Important Security/Fraud Alert

In addition to the hundreds of great opportunities from legitimate employers listed on Seawolf Jobs, we unfortunately occasionally see fraudulent postings as well. While Career Services does not knowingly approve these postings, fraudulent jobs may appear on Seawolf Jobs from time to time.

We do our very best to audit each job submitted to our office in order to protect our students, but it is also important for all students to exercise caution and common sense while job seeking. You should always read position descriptions with a discriminating eye and thoroughly research a company before applying for any job.

Check out this video for more information on fraudulent jobs.

If it’s too good to be true, it probably is.
When you’re reading through a position description that seems too good to be true, if you feel uncomfortable at any stage in the process, or something just doesn’t feel right, proceed cautiously or stop the interactions and contact Career Services for assistance.

Tip: Google the company.
Before applying for any job, you should always review the company’s website and Google the company along with words such as, “scam”, “fraud”, etc.

Here are some fraudulent job warning signs (information courtesy of UCSB):

  • You are hired without ever interviewing or meeting your potential employer.
  • There are multiple misspellings in the job description and in your correspondence with the employer.
  • At the time of hire, the employer tells you they are travelling internationally and needs you to be their assistant or run errands for them.
  • At the time of hire, the employer tells you they are travelling internationally and needs you to be their assistant or run errands for them.
  • You are asked to send a payment by wire service or courier.
  • You are offered a large payment or reward in exchange for allowing the use of your bank account - often for depositing checks or transferring money.
  • You receive an unexpectedly large check.
  • You are asked to transfer money, including via e-Bay, PayPal or Western Union money orders.
  • You are promised a large salary for very little work or the salary is way out of range for an entry level position, part-time job, or internship.
  • You are asked for personal information such as your Social Security Number before being considered for the position.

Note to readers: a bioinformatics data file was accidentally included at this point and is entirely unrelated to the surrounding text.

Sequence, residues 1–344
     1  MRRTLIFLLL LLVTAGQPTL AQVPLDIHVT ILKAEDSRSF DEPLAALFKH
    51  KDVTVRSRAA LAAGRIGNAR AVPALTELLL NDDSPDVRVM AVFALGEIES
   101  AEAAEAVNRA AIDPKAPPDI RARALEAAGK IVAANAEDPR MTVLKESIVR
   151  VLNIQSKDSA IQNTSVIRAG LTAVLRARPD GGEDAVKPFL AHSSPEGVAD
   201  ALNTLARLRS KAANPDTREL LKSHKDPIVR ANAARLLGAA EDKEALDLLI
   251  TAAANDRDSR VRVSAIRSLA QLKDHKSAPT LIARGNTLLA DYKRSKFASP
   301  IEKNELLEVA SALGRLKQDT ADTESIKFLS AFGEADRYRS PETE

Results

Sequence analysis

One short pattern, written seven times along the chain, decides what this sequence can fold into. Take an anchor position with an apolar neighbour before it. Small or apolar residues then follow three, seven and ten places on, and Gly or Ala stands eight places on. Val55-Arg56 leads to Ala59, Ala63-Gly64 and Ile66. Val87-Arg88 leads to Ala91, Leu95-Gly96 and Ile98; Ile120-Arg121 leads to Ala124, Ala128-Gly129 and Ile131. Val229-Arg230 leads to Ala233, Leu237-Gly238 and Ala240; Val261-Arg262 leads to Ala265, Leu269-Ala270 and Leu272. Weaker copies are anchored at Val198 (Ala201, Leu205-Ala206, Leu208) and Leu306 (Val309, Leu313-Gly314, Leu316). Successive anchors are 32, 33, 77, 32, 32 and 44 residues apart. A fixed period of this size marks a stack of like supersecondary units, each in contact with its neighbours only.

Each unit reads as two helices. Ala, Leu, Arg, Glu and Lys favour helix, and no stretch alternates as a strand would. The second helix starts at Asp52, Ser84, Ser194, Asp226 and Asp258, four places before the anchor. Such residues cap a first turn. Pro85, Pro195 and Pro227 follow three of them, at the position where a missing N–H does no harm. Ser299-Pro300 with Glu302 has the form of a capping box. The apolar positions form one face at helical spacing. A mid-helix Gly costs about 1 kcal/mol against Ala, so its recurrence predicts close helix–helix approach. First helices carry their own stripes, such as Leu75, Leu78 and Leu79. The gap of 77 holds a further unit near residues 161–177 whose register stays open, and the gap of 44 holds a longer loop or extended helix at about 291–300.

• You are requested to send a photo copy of your ID, i.e., driver's license to "verify identity".
  • You are asked to complete a background check before you can be considered for a position.
  • The posting appears to come from a legitimate company or organization, but the contact's e-mail address doesn't match the company's website domain (i.e., rather than
  • The job posting doesn't mention the responsibilities of the job; rather it focuses on the amount of money you will make.
  • The position initially seems to be a traditional job, but upon further research or contact, is actually an independent contractor or franchise opportunity.
  • The position requires upfront fee.

This is not an exhaustive list - there may be other clues, or a fraudulent posting may not conform to any of these conditions - but these are common tactics. Scam/fraudulent postings are not limited to online job boards; some scams are posted on physical bulletin boards around campus or advertised in the school newspaper and may seem like they're affiliated with or promoting advocacy groups or causes that students care about.

What to do if you encounter a fraudulent job on Seawolf Jobs:

  • If you have any concerns about the legitimacy of a posting, please contact our office before applying for the job.
  • Please report your experience to SSU Career Services as soon as possible. You can call us at (707) 664-2198, email us at, or visit us in Salazar 1070 (Monday – Friday, 9AM – 4PM).
  • Contact Police Services to report the fraud or scam.
  • If you have sent money to a fraudulent organization or money has been taken from your account, contact your bank or credit card company immediately to close your account and/or dispute the charges.
  • If the incident occurred entirely over the internet, file an incident report with the FCC at 1-877-FTC-HELP (1-877-382-4357) or on the Computer Crime & Intellectual Property Section website).

If you have any questions or concerns about any job posting on the Career Services system, DO NOT APPLY for the job, and please contact our office at (707) 664-2198, email the JLD Staff at, or visit us in Salazar 1070 (Monday-Friday, 9AM to 4PM).